Monday 12 August 2013

Battlefield Earth (2000)

Forest Whitaker and John Travolta as the campy villains.
The whole film is shot at these outlandish angles.  It sort-of works.
So many words of scorn have already been poured upon 'Battlefield Earth' that I shall keep my comments short.  This is an adaptation of the first half of a novel by L Ron Hubbard, the sci-fi author who went on to invent Scientology, perhaps the most easily derided of the Western religions.  His 'L' stands for 'lasers', by the way.  Like 'Xanadu' (1980), this motion-picture has merited a place on Wikipedia's 'List of films considered the worst', and while it's easier to sit through it than through many films which are technically or artistically better, there are stretches of 'Battlefield Earth' - exciting and colourful stretches - where boredom somehow sets in, where the fizzy adventuring fails to stimulate, the epic conflict elicits too late interest, and one wonders how soon the film might end.

By accident or design this failed blockbuster resembles obscure B-movie 'America 3000' (1986); each depicts an apocalyptically dusty America in the year 3,000, in which hairy men are oppressed, but find, though education, the key to revolution.  Incredibly, women get the better role in the earlier film, in which they're horrible jerks who ought never to have gained power, rather than here where they're almost wholly absent, except in a brief cameo as a possible bearer of the hero's child.  Not for them the guns, the adventuring or the declaration of independence.

An outrageous transition from one scene to the next.  There's a lot of these.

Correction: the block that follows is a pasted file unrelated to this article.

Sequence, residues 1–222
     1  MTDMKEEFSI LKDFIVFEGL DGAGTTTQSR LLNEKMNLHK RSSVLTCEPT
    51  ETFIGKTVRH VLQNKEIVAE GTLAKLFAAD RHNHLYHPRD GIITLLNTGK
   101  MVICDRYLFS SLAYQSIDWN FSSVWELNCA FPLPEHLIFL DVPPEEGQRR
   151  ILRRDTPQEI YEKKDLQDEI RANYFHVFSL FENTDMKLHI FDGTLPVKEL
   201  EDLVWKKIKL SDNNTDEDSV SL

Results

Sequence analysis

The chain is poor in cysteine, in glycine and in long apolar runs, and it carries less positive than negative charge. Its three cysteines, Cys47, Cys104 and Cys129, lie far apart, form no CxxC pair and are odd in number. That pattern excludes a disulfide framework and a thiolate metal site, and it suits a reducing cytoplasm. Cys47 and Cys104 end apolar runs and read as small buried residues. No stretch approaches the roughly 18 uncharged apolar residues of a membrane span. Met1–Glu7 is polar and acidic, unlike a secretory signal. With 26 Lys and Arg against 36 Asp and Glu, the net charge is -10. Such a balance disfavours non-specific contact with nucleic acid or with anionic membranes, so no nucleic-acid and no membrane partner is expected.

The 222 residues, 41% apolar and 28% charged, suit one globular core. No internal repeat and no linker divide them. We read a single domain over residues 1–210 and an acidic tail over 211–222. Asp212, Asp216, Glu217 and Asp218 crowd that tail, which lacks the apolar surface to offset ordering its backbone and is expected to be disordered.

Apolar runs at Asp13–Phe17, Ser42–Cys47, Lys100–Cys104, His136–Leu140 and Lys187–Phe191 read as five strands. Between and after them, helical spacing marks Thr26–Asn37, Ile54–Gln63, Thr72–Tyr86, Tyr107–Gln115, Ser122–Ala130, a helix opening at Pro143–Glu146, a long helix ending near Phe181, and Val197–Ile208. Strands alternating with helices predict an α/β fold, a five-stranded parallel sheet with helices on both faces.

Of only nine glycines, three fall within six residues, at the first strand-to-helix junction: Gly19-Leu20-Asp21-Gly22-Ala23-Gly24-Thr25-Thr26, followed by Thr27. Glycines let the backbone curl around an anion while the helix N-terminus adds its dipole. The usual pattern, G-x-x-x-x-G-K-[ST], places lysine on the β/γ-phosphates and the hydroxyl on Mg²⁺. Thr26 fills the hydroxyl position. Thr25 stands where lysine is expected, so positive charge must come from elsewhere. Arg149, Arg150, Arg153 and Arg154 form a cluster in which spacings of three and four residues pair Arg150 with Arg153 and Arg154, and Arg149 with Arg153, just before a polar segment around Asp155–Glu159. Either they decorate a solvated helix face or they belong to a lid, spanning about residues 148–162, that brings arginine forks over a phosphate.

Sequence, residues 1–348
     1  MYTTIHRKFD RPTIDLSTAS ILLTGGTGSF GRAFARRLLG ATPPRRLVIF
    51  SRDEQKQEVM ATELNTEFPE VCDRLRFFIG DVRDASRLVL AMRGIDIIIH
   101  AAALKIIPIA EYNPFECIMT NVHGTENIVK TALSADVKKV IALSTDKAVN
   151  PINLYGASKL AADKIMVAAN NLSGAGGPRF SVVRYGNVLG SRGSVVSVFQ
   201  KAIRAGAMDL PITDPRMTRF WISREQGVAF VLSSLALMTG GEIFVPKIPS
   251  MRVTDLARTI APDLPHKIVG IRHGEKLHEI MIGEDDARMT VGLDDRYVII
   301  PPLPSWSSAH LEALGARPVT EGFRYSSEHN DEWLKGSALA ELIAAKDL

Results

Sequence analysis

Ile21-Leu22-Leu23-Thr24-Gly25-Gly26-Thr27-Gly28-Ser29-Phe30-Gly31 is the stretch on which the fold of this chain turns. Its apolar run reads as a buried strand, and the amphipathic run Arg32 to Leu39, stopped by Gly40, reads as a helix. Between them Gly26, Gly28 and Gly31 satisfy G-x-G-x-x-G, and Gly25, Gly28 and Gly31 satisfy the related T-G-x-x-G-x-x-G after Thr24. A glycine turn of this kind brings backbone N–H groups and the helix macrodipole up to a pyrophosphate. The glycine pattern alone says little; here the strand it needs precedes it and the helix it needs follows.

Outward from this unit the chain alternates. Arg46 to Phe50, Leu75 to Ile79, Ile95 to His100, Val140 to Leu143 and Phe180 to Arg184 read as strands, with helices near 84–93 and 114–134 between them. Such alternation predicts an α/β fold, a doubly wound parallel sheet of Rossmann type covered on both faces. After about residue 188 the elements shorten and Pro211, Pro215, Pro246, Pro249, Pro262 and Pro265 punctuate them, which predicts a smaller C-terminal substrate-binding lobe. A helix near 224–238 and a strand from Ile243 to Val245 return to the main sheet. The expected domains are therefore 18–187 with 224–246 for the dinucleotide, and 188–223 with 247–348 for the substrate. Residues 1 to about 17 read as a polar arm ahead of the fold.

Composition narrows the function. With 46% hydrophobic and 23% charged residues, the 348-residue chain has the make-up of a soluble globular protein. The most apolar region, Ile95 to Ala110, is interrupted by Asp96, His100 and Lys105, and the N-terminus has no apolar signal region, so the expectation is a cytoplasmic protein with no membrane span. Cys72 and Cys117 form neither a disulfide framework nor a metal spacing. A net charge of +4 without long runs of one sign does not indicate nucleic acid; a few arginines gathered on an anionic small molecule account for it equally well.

The former film had a humility of sorts: despite its flaws it knew it was ridiculous.  John Travolta, star and producer of 'Battlefield Earth', however, seems to have believed utterly in the merits of his film and its capacity to dazzle and impress its audience, and to attract them in the first place.  In interviews he compared it favourably to 'Star Wars' (1977) and 'Planet of the Apes' (1968), which is always a mistake.  He, or rather director Roger Christian under his enthusiastic tutelage, found ways to give these classics visual tributes in the new film, borrowing from the Apes the image of our hero in prison being sprayed with a hosepipe - which isn't especially striking here - and from 'Star Wars' the absurd, curtain-like wipes which mark the transition from one scene to the next.  These were a curious novelty in 1977, but an unwelcome and unbeautiful distraction in the year 2000.  Like 'Space Camp' (1986), 'Battlefield Earth' does itself a disservice by reminding its audience about 'Star Wars' every few minutes, emphasising the gulf in merit between the one sci-fi and the other.

The film isn't without merit, but I found no good reason to care for the heroes, or for the future of humanity, that male and American race.  John Travolta and Forest Whitaker, as the very villainous aliens, are highly watchable but too ridiculous to seem legitimately threatening.  The film might have made a fun and visually innovative half-hour of television if all the scenes with humans in were removed - but it seems rather extreme to wish such a fate on any movie.

Why would you even want to watch it after my comments?  Because it sounds 'so-bad-it's-good'?  Oh, ok.  Enjoy yourselves how you will, but you might get more out of 'The Last Temptation of Christ' (1988).

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